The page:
In a pandemic, streaming has in some ways become become more communal than it was before. Twitch streaming is on the rise, and Netflix Party synchronizes video playback and adds a group chat function so that you and your friends can watch Netflix together online from anywhere in the world. And naturally, since every other streaming service is chasing the market leader, it was only a matter of time until similar innovations were rolled out across the SVOD field. On Tuesday, the rapidly growing Disney+ formally introduced GroupWatch.
Similar to Netflix Party, GroupWatch allows up to seven different Disney+ subscribers to watch the same TV series or movie at the same time via synchronized video playback. To start, the feature has been made available in the United States, but will soon be rolled out in Europe later this fall. Initially, a test version was rolled out in Canada on September 10 and in Australia and New Zealand on September 18. Clearly, Disney was pleased with the results.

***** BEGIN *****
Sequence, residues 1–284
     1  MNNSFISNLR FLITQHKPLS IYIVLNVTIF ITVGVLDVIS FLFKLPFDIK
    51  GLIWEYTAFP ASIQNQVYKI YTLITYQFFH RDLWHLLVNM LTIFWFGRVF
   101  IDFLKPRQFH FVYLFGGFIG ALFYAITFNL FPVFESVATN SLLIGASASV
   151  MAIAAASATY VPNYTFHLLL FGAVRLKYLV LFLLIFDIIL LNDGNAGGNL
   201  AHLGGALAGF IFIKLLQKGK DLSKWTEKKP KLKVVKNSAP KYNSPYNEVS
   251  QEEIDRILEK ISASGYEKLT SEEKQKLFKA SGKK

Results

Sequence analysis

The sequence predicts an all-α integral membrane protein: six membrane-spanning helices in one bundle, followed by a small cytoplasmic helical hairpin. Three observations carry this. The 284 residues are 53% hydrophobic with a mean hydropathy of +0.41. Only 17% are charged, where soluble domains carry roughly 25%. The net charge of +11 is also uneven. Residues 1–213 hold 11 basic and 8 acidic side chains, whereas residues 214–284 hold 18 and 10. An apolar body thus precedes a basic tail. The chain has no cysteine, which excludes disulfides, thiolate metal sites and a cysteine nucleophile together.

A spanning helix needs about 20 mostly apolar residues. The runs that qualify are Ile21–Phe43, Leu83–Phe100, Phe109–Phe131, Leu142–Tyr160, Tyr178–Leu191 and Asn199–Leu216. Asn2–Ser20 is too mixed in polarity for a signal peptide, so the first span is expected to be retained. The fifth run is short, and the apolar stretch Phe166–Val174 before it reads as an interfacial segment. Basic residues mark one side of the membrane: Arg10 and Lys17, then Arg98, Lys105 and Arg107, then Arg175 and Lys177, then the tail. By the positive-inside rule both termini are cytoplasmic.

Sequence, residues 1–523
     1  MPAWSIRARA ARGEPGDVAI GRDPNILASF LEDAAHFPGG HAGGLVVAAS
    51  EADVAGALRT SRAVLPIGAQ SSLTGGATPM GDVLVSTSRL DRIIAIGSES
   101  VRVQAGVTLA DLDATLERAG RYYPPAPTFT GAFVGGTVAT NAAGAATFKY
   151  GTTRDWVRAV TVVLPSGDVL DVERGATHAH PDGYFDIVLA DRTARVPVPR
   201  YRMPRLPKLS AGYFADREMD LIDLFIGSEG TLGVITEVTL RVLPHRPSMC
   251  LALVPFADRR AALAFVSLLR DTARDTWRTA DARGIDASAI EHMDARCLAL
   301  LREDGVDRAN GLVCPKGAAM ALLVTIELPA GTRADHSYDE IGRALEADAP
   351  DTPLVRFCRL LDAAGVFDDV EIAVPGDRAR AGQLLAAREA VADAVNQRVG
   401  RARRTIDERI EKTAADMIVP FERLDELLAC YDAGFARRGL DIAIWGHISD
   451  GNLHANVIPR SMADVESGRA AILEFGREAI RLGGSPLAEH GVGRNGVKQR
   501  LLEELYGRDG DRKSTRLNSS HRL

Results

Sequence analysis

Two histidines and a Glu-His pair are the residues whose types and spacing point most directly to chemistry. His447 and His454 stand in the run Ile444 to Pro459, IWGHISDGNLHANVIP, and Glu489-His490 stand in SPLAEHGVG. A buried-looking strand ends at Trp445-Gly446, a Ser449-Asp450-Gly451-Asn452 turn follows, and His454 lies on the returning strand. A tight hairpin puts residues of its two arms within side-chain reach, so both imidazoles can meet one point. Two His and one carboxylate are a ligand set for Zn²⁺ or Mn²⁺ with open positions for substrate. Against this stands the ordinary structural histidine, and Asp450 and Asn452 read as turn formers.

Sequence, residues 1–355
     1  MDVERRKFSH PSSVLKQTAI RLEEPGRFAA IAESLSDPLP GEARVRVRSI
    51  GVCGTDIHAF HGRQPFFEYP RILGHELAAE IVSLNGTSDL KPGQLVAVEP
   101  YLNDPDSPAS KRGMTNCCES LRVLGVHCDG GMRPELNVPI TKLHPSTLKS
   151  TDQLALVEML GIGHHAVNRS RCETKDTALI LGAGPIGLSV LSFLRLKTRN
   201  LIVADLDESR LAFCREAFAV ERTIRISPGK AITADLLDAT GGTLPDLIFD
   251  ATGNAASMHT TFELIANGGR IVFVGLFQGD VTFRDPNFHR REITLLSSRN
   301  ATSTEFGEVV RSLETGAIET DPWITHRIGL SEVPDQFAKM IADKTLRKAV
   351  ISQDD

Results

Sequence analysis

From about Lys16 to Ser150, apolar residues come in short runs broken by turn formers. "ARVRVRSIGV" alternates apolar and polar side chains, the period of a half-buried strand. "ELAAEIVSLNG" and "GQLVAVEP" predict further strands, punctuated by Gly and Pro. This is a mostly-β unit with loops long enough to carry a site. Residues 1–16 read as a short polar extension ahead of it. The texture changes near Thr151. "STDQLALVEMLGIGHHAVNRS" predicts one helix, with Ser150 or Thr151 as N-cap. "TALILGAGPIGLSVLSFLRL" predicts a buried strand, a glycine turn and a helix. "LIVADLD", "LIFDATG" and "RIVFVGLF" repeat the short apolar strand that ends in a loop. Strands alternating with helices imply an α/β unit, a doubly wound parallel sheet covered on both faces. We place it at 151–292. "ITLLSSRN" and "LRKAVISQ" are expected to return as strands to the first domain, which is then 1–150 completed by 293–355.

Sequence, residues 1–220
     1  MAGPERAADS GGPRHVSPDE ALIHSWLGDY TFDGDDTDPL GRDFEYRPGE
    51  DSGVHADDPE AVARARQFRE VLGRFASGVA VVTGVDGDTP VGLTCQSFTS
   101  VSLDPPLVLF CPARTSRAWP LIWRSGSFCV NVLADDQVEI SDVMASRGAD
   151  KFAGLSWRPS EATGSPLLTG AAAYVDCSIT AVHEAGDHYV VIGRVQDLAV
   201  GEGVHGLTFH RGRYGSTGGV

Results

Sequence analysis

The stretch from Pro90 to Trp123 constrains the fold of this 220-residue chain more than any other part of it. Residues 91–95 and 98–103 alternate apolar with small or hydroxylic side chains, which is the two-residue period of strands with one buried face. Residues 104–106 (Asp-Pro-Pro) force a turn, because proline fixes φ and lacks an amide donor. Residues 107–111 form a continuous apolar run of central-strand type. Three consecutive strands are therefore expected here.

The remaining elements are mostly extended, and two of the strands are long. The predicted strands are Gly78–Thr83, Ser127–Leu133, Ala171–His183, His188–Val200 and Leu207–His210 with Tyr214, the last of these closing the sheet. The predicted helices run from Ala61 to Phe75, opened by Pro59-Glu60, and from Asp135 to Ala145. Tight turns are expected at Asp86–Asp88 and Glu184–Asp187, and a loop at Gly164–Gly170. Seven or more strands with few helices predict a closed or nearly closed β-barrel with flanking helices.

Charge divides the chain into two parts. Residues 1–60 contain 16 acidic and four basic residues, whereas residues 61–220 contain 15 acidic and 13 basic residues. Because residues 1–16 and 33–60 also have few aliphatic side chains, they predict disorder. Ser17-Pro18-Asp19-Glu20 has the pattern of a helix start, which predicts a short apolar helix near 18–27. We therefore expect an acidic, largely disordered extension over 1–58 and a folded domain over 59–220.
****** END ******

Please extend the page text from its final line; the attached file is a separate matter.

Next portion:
The home confinement forced by the coronavirus likely made GroupWatch a priority at the Magic Kingdom as normal movie-going experiences and TV watch parties have been disrupted. In late May, the Disney-controlled Hulu unveiled Hulu Watch Party and Amazon added a co-watching feature to Prime Video in June. The hope is that the communal viewing option might attract more subscribers. At this rate, we may never see another human face in person again.
Each GroupWatch participant must have their own Disney+ subscription in order to utilize the new function. Every user can pause, play, rewind, or fast forward the video for the whole viewing party. GroupWatch is available via the Disney+ website, Android and iPhone apps, smart TVs and other connected devices, so access shouldn’t be a problem for eager audiences. To start a GroupWatch, you simply click the icon under the title from your phone or the Disney website and send a link to your fellow viewers.
While GroupWatch does not yet feature a chat function like Netflix Party’s, users can react with emojis. If we’ve learned anything from texting over the last five years, it’s that emojis may very well be enough to cover the entire spectrum of communication.
As of August 5, Disney+ had officially surpassed 60 million paid subs, according to CEO Bob Bakish. Across Disney+, ESPN+ and Hulu, Disney boasts more than 100 million global subscribers. Season 2 of The Mandalorian, which premieres October 30, and the debut of blockbuster Marvel miniseries WandaVision later this year are expected to provide Disney+ with a boost.